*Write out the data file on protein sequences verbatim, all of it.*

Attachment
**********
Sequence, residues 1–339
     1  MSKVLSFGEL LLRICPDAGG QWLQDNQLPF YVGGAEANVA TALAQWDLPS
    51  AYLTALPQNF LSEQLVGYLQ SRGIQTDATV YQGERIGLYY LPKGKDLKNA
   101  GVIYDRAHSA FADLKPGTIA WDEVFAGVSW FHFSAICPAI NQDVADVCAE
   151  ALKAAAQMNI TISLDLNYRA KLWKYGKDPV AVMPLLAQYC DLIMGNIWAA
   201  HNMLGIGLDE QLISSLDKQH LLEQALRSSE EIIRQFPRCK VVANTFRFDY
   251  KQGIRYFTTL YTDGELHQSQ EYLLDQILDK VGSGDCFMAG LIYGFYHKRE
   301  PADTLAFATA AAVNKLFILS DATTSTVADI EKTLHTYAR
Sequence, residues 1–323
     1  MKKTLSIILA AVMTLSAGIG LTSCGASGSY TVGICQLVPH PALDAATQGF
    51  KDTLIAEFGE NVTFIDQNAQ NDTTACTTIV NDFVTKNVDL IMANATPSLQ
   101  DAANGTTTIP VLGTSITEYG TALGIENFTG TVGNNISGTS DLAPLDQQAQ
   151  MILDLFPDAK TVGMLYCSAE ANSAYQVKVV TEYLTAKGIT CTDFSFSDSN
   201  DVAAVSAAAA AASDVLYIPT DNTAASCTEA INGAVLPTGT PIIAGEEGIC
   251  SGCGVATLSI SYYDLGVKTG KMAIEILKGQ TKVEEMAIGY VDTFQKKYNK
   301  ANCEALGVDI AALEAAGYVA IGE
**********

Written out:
Sequence, residues 1–339
     1  MSKVLSFGEL LLRICPDAGG QWLQDNQLPF YVGGAEANVA TALAQWDLPS
    51  AYLTALPQNF LSEQLVGYLQ SRGIQTDATV YQGERIGLYY LPKGKDLKNA
   101  GVIYDRAHSA FADLKPGTIA WDEVFAGVSW FHFSAICPAI NQDVADVCAE
   151  ALKAAAQMNI TISLDLNYRA KLWKYGKDPV AVMPLLAQYC DLIMGNIWAA
   201  HNMLGIGLDE QLISSLDKQH LLEQALRSSE EIIRQFPRCK VVANTFRFDY
   251  KQGIRYFTTL YTDGELHQSQ EYLLDQILDK VGSGDCFMAG LIYGFYHKRE
   301  PADTLAFATA AAVNKLFILS DATTSTVADI EKTLHTYAR
Sequence, residues 1–323
     1  MKKTLSIILA AVMTLSAGIG LTSCGASGSY TVGICQLVPH PALDAATQGF
    51  KDTLIAEFGE NVTFIDQNAQ NDTTACTTIV NDFVTKNVDL IMANATPSLQ
   101  DAANGTTTIP VLGTSITEYG TALGIENFTG TVGNNISGTS DLAPLDQQAQ
   151  MILDLFPDAK TVGMLYCSAE ANSAYQVKVV TEYLTAKGIT CTDFSFSDSN
   201  DVAAVSAAAA AASDVLYIPT DNTAASCTEA INGAVLPTGT PIIAGEEGIC
   251  SGCGVATLSI SYYDLGVKTG KMAIEILKGQ TKVEEMAIGY VDTFQKKYNK
   301  ANCEALGVDI AALEAAGYVA IGE